With black history month in full swing, it’s hard to overlook Washington D.C.’s some 200 historical sites related to African-American history. The Martin Luther King Jr. Memorial is Washington D.C.’s newest monument and the nation’s first to honor an African- American man. Paying tribute to the legacy of Dr. King and his leadership during the civil rights movement, the Martin Luther King memorial features a 30-foot statue carved into the monument’s feature attraction—the Stone of Hope. Surrounding the Stone of Hope, and completing the MLK memorial, is two additional stone wedges known as the Mountain of Despair.
Symbolism of the MLK Memorial
There are many overt as well as hidden symbolism contained within the memorial as a whole. The centerpiece of the memorial is a 30′ (9m) tall stone block with an unfinished likeness of Martin Luther King, Jr emerging from it’s southern side. Although there are no quotes from Dr. King’s famous ‘I have a dream’ speech, this centerpiece alludes to a powerful analogy that he used in the speech to describe the importance of faith in the struggle for civil rights, that “With this faith we will be able to hew out of the mountain of despair a stone of hope.” The memorial’s designers intended that the visitor would walk through the mountain of despair to the stone of hope. The memorial’s stone of hope appears to be quarried (hewed) from a larger stone, a slow a laborious process, much like the process to end racial segregation and discrimination in the U.S. The stone has been pushed forward, symbolizing the forward progress in the achievement of civil rights in America. The likeness of MLK is unfinished, just as his life was tragically cut short at just 39 years of age, and just as the movement for civil rights he helped lead is unfinished today. King is looking south toward the horizon, paper, possibly a speech or sermon in hand, in a defiant pose, symbolizing his defiance of injustice.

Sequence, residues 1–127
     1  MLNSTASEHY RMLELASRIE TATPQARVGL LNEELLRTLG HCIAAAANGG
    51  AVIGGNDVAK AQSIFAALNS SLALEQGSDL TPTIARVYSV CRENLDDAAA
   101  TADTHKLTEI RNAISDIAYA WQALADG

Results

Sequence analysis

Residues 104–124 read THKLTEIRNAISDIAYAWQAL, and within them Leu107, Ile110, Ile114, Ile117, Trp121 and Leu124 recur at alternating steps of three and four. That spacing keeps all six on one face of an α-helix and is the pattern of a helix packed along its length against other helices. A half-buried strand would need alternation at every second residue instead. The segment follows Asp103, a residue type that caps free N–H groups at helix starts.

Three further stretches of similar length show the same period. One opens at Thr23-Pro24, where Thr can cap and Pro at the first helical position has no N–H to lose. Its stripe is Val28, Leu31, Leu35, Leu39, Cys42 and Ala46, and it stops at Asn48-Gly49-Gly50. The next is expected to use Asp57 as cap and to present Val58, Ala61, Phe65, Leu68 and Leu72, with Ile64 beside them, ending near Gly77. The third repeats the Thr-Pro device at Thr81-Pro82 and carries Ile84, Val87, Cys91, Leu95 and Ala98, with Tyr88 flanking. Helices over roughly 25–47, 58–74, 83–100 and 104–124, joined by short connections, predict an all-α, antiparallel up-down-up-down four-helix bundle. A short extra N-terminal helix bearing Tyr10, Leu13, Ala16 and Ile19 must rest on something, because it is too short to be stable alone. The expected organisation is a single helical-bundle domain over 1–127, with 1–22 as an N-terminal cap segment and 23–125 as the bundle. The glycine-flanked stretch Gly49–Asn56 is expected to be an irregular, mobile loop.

The other major element of the memorial is the long arched wall filled with quotations from King’s speeches and sermons. The arched wall alludes to a sermon he delivered at the Sermon at Temple Israel of Hollywood on February 25, 1965, in which he described his confidence in the ultimate triumph of the civil rights movement in the struggle for human dignity “And I believe it because somehow the arc of the moral universe is long but it bends toward justice.” The wall contains quotes from the 1955 Montgomery Bus Boycott of 1955 to King’s final Sunday sermon, which took place at the Washington National Cathedral in Washington, DC on March 31, 1968, just days before his assassination in Memphis Tennessee. The quotes are not listed in chronological order, designed so that the visitor can explore the memorial at his or her own pace and direction.
Other Interesting Facts About the MLK Memorial’s Symbolism
Hours & Fees: The Martin Luther King Memorial is free of cost and is open 24/7
Location: 1964 Independence Ave. SW, Washington, D.C
Driving: The National Park Service suggests visitors use the following address when using GPS navigation:
Address: 1850 West Basin Drive SW, Washington, D.C. 20024.
Coordinates: 38.886298, -77.044415
Intersection: West Basin Drive SW & Independence Ave. SW
Please note that parking is prohibited in areas adjacent to the memorial.
Getting there via Metro: The closest Metro station is either Smithsonian (Blue/Orange/Silver) or Foggy Bottom/GWU (Blue/Orange/Silver). Both stations are a 15+ minute walk away from the memorial.
There is also a Capital Bikeshare station nearby at West Basin Drive SW and Ohio Drive SW.